Okay, maybe that title is a little sensationalized. This is hardly a smackdown – it’s barely a schoolyard slap fight – but I’m gonna stick with it because it’s so dumb that it made me laugh aloud when I typed it. Today I kicked off a new lil’ experiment in which I’m going to compare a 3000K vs. 5000K LED grow light.

The Plan

I have 2 space buckets (you can check out the build here), and in each bucket, I’ve got a single Vero 18 COB LED. The only difference between the 2 buckets is that one of the COBs has a color temperature of 3000K, and the other has a color temperature of 5000K. My goal for the experiment is to see what difference, if any, the color temperature makes on the growth of the plants, as they progress from the young fellas you see in the pictures below, right through into the fruiting stage (if I can manage to go that long with killing them). I will be running these on the same timer for 14 hours a day, and will water both buckets at the same time.

I admit, this isn’t a great experiment as I only have one pepper and one tomato plant in each bucket, but I’m hoping there will still be a visible difference despite my small sample size. If, after awhile, the tomato plants take over the whole bucket, I’ll take note of the peppers’ progress up to that point, then probably boot them out. Perhaps by then, I’ll have another couple lights to put the peppers under to continue the experiment.

The Parts

Here are the 2 buckets I’m going to be using. They are identical in every way, except for the COB color temperatures. Each COB is actively cooled by a CPU fan and is being driven at 1.4 amps by a Mean Well LPC-60-1400.


My friends are not going to have a clue WTF these things are.


These give my basement a very spooky orange glow.

The Participants

I’ve selected 2 “Mexico Midget” tomato plants and 2 Caramel Moruga Scorpion peppers for this grow. These plants were all started under the same lights in my main grow tent, and I tried to choose pairs that were most similar in health and size.

3000K vs 5000K LED Grow Light plants

Bitter rivals.


Mexico Midget tomatoes.


Caramel Moruga Scorpion peppers.


The 2 teams settled into their new homes.


What do you think will happen? Will the color temperature make a difference, or will the end result be the same? Make your predictions now so you can say “I told you so” afterwards!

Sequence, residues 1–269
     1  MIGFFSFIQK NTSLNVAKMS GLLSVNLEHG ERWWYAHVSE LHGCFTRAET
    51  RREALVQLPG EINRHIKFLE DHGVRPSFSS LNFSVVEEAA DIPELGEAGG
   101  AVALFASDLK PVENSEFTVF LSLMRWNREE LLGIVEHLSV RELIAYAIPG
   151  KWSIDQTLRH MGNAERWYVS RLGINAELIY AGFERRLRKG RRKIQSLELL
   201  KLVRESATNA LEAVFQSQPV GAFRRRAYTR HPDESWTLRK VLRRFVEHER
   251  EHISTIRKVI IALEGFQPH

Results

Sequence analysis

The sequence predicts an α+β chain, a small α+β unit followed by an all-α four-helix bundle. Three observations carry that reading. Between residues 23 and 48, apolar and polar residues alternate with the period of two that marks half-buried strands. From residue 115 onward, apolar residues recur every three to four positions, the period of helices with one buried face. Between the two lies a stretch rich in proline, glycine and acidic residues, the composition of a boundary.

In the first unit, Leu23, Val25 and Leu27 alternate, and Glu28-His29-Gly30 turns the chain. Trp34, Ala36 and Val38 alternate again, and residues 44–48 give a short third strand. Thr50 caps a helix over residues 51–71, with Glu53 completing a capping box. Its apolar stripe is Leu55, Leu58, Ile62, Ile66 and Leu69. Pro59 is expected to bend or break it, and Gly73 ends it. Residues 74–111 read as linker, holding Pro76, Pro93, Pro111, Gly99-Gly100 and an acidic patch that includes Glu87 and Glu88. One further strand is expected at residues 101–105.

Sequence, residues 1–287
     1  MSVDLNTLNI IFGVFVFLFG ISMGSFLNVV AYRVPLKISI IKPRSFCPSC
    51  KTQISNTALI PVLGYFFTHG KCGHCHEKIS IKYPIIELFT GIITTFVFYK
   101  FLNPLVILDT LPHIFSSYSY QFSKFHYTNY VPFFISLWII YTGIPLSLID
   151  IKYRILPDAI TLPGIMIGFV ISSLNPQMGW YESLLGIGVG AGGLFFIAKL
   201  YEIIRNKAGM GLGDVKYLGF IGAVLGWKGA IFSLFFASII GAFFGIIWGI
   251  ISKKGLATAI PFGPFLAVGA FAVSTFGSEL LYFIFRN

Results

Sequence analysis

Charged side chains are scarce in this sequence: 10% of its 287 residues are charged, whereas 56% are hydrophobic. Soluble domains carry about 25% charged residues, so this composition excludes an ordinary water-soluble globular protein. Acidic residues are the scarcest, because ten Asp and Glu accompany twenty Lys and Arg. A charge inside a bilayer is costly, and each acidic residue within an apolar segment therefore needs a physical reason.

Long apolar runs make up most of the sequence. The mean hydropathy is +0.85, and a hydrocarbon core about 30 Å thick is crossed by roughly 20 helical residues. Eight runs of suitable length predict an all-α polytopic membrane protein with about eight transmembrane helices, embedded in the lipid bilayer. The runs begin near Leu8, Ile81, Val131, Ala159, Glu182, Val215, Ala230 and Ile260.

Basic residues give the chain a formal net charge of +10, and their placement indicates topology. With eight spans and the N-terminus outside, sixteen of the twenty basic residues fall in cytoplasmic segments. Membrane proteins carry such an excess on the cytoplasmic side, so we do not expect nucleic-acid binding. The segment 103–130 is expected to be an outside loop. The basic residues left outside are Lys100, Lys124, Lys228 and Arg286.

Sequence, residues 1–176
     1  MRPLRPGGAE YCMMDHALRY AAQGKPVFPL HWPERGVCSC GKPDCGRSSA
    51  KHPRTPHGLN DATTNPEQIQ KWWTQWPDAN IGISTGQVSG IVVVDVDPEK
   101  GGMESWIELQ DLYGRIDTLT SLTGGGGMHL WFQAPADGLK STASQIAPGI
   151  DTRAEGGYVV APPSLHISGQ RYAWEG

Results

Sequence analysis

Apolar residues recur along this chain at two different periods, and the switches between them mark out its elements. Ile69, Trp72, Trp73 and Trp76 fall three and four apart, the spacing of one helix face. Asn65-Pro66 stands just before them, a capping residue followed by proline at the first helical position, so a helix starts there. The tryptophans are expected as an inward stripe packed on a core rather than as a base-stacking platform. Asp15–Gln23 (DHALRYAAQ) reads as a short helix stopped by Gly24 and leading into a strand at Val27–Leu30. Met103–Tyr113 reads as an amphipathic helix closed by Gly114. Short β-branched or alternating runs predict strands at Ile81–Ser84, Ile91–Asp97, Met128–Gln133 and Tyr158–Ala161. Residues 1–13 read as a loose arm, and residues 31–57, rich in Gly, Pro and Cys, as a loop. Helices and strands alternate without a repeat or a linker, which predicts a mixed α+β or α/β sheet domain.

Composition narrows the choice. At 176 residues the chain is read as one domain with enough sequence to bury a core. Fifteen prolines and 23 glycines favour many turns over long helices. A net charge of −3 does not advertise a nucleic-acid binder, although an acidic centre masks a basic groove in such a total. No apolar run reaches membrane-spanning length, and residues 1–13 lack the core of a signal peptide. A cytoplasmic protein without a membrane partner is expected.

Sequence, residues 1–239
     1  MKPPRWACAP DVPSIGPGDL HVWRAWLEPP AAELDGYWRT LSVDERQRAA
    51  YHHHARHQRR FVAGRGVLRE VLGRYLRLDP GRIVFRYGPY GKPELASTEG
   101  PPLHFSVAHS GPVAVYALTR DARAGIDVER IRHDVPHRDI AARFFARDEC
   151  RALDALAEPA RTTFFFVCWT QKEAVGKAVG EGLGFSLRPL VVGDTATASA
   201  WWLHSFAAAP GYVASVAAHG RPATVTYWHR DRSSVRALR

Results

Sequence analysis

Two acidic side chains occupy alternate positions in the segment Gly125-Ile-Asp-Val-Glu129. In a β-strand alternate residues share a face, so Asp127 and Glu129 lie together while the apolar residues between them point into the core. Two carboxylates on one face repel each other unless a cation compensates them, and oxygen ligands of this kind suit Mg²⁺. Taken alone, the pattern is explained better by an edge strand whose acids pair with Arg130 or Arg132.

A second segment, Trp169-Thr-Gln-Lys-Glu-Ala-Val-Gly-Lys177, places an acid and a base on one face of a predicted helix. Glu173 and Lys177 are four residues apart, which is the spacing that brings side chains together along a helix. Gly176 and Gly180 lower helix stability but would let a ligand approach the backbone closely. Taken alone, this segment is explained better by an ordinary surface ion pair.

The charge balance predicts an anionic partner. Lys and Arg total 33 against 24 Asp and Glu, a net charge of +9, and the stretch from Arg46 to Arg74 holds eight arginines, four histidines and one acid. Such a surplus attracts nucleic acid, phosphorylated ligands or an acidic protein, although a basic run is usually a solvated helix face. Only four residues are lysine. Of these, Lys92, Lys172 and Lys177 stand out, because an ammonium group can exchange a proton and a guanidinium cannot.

1. I’m betting you will be out of room in the buckets far before you will be able to get any definitive data, even with just the tomatoe contrary to the name thats still an indetemanite variety. Thats why the space buckets are usually centered around weed plants, (indica) that are topped multple times. You will be a slave to keeping that tomato plant watered in that 16oz cup once it’s roots get fully established. I hope you will keep their original lights over the plants even after they have grown out of the bucket to try and get some kind of measurable results. I’m guessing the ones under the 5000k will be shorter and at least have shorter internode lengths than the ones under the 3000k but you will have to let them grow for a while into the flowering phases to get some good measurable results, good experiment I’m definately interested in seeing the outcome of this.

    • LEDGardener

      December 4, 2016 at 4:04 pm

      I will definitely be transplanting the tomatoes up into larger pots as required. You can also keep adding “bucket tops” to continue to expand vertically as high as you want to go (picture a stack of 5 gallon pails, but only the top halfs of the pails). The space bucket founder himself posted a few pics of a cherry tomato plant in a bucket here (although it’s tough to gauge the size of the bucket – maybe it’s a garbage can), so it can be done, but will take work! He had written in another post that he used a glass top to force the plant to grow outwards, and also topped it. I have a feeling the peppers won’t be in there long at all before they’re completely covered, but I want to see how they grow from the super-early seedling stage too.

      As you say, if I run out of room, even with added bucket tops, I’ll just move them out of the buckets and into a bigger tent with the same temperature lighting, and more lights.

  2. And…

  3. For the moment I’m in doubt to get the 3000-3500 or 4000k led strips( samsung Q.serie) for growing.
    If I look @ the tech data I noticed that the difference in red spectrum for blooming is just a little bigger(1-2%max) for the 3000 and 3500 compared for the 4000. the big difference i see in the data is that the 3000-3500 produces less lumen/W output compared to the 4000k. According to my interpretation I would say the 4000k produces as a bonus just more blue spectrum compared to the 3000 and 3500. Is this interpretation correct?

  4. hello,
    2 quick questions.
    1. which paint did you use to paint the buckets?
    2. anyway to use the heatsink fan to make a carbon filter setup like an all in one?

    • LEDGardener

      January 1, 2018 at 4:17 pm

      I used a flat white spray paint. I’m not sure about the filter – I don’t think it’d be ideal because the heat sink is pretty much sealed outside of the bucket and is only removing hot air from the top of the heat sink rather than from inside the bucket.

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